One day at the FOPOS office in Mountain Lakes House, I looked out the window to see a couple hikers scrutinizing something on the driveway. A little later, I was passing by them in my truck and stopped to ask them what they had seen. "A big black bug with white spots," they reported.
Alarms went off in my mind, as this accurately describes the Asian Longhorned Beetle (see first photo, taken from the internet), an exotic insect with the potential to wipe out our forests and street trees. The A.L.B., as it is commonly called, was accidentally introduced into the U.S. when it hitchhiked over from China in wooden shipping crates. Government agencies have been fighting to extirpate populations found in New York city, Chicago, Toronto and most recently in Worcester, MA.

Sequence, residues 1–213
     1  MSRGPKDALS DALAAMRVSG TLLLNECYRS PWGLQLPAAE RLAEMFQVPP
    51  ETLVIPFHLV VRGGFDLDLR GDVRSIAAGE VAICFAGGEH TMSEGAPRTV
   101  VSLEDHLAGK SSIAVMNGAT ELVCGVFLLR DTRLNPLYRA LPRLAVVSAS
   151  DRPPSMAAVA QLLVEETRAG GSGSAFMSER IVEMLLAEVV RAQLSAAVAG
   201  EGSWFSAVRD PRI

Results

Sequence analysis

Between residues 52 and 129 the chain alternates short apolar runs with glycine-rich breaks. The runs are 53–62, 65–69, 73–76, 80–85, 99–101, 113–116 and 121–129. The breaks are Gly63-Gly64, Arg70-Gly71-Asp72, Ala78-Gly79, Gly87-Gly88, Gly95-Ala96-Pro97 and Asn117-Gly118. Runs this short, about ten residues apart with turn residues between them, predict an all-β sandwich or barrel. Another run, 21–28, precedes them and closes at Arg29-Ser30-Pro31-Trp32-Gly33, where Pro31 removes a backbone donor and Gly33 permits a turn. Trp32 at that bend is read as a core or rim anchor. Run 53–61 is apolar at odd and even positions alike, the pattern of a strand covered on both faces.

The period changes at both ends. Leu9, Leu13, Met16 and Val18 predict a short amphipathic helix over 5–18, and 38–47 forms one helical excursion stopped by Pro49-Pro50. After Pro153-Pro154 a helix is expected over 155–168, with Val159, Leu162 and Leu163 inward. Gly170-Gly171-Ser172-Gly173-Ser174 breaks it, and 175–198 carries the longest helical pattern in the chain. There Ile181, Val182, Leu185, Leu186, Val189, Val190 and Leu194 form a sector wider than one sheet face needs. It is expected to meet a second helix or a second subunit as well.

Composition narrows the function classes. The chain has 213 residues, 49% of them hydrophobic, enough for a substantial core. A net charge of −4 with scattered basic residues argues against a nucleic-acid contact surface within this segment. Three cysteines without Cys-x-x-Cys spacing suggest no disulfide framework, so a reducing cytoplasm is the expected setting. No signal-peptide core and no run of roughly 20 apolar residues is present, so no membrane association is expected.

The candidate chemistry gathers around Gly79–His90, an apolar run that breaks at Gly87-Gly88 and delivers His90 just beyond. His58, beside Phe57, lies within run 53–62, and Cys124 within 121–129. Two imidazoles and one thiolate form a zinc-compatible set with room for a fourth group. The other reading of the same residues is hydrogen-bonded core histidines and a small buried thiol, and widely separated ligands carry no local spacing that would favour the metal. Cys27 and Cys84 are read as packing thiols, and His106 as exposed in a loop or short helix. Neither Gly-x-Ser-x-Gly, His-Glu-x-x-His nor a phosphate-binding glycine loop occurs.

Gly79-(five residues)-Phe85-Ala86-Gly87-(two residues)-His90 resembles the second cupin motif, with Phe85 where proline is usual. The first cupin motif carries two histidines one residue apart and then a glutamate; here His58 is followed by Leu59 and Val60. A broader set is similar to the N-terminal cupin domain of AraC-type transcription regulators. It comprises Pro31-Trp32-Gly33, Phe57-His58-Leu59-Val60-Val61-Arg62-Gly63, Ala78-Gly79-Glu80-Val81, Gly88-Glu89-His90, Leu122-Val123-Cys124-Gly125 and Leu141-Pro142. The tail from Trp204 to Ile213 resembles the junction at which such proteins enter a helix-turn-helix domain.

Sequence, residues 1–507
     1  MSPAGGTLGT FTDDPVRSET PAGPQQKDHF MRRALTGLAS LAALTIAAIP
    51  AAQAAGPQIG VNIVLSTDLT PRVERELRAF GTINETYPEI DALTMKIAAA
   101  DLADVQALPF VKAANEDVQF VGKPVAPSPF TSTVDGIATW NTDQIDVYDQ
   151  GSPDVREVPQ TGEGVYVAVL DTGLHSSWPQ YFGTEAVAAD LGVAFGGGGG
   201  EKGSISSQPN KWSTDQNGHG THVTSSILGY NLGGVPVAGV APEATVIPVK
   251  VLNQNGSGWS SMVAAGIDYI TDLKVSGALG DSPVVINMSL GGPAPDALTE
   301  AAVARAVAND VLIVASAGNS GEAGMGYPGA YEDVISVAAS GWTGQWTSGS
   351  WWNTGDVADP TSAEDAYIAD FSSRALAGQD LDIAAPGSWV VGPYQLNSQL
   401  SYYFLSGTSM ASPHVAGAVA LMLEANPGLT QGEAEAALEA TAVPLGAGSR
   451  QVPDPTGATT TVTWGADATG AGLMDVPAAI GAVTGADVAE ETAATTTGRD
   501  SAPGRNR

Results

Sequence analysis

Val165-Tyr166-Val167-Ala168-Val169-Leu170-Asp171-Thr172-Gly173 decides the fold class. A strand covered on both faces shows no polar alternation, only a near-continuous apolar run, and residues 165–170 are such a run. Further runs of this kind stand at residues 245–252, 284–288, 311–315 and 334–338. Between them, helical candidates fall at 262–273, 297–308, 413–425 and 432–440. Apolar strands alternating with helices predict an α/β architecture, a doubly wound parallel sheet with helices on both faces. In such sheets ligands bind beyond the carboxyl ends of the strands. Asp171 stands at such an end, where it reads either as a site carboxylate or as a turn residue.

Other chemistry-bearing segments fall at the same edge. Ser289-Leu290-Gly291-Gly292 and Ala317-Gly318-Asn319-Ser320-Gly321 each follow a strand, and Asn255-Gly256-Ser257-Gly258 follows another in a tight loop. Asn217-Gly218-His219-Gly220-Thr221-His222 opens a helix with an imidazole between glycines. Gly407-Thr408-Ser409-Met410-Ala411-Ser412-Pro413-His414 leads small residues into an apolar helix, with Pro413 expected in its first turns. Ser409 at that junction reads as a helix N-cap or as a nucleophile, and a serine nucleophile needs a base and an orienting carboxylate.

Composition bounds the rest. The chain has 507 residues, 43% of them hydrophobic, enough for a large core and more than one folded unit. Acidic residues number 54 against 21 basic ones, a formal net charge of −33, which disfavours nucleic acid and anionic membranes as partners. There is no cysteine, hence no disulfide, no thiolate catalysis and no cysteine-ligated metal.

I immediately turned around and headed back up the driveway to search for the bug. I was elated to find that the bug was not the dreaded A.L.B. but instead an Eyed Elator (2nd photo), which has two large black spots on top that must do a good job of intimidating potential predators. The driveway provided a less than safe place for the beetle to blend in.
(Thanks to Nancy, office manager for Friends of Princeton Open Space, for the identification.)